Honor Society for Special Education Teachers
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Brain's Window for Language Learning Open Until Adulthood
In a study of nearly 700,000 English speakers, researchers from Boston College, MIT and Harvard have discovered the optimal years to learn a second language extend to the cusp of adulthood, the team reports today in the online edition of the journal Cognition. It has long been known that children learn language more easily than adults, but determining exactly when that ability declines has been something of a mystery. Benefitting from a massive study population and new research methods that allowed them to separate interconnected factors in language acquisition, the team reports that the window for language learning is open approximately a decade longer than previously thought -- until the age of 17.4 years of age. Read More
May 2018
Curiosity is Key to Early Childhood Success in Math and Reading
Curious children are better able to grasp basic math and reading. This is according to a group of researchers from the University of Michigan, led by Prachi Shah. The study in the journal Pediatric Research, which is published by Springer Nature, is the first to investigate a possible link between curiosity and early academic success among young children. In addition, the researchers found that for children from poorer communities, curiosity is even more important for higher academic achievement than for children from more well-off backgrounds, and may serve as a potential target of intervention to close the achievement gap associated with poverty. Children who have developed a wide range of socio-emotional skills are generally more successful when they start school. These skills include invention, imagination, persistence, attentiveness to tasks, as well as the ability to form relationships and manage feelings. According to Shah, most current early learning interventions focus on improving a child's effortful control which includes their ability to concentrate or control impulses. Very few interventions aim to cultivate curiosity in young children -- a trait that Shah describes as the joy of discovery, and the motivation to seek answers to the unknown. Read More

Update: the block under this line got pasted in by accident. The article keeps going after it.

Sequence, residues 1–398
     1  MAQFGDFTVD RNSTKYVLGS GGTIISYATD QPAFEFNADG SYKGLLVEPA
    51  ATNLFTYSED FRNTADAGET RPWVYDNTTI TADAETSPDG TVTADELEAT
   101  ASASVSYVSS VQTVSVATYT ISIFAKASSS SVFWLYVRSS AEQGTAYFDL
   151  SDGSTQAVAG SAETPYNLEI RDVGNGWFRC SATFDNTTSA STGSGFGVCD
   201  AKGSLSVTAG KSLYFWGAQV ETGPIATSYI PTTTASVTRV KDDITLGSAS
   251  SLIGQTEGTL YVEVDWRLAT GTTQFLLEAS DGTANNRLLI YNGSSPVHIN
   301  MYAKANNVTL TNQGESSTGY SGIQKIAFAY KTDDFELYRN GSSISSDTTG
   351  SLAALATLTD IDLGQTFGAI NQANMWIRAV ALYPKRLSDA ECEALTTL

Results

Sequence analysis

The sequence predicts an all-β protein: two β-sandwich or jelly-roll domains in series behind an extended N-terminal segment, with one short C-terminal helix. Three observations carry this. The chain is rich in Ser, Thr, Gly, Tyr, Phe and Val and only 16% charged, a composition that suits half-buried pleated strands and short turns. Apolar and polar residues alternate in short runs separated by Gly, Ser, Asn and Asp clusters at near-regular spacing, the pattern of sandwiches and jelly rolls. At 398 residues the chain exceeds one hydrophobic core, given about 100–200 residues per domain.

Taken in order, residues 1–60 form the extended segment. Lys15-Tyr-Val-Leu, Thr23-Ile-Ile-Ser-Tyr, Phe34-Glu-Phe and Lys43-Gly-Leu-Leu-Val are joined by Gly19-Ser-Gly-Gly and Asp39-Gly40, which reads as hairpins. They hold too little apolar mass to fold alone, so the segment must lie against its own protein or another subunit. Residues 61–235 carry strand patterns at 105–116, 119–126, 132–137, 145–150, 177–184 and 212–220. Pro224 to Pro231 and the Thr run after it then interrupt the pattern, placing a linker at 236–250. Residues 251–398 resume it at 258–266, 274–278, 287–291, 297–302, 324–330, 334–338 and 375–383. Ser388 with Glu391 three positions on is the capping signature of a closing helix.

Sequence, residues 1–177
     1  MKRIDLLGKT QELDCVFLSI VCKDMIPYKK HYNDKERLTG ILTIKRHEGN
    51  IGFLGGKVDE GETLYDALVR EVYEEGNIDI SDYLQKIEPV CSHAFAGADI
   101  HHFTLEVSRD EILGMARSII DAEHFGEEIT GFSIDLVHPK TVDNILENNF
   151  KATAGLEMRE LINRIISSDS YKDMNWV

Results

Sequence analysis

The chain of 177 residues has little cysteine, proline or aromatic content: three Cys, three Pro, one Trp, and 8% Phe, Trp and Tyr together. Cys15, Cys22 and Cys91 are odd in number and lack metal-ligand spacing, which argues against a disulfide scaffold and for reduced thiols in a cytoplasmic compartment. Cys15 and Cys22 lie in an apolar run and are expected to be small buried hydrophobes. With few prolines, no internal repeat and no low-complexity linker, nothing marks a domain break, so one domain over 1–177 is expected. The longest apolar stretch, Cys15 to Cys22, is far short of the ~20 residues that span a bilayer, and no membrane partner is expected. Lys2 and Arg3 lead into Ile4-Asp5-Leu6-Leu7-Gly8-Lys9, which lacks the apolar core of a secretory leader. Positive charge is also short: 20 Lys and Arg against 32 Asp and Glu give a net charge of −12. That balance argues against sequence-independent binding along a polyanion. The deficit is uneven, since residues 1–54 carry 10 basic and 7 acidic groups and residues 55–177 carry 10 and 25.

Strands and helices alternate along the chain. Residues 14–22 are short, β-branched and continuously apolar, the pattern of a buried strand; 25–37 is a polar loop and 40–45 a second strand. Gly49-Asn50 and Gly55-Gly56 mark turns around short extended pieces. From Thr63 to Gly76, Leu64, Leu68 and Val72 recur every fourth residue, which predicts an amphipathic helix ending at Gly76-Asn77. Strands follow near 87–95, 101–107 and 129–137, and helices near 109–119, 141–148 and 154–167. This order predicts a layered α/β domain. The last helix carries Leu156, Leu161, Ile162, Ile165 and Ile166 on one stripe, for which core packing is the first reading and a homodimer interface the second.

Kids Exposed to General Anesthesia Have Poorer Development, Literacy and Numeracy Scores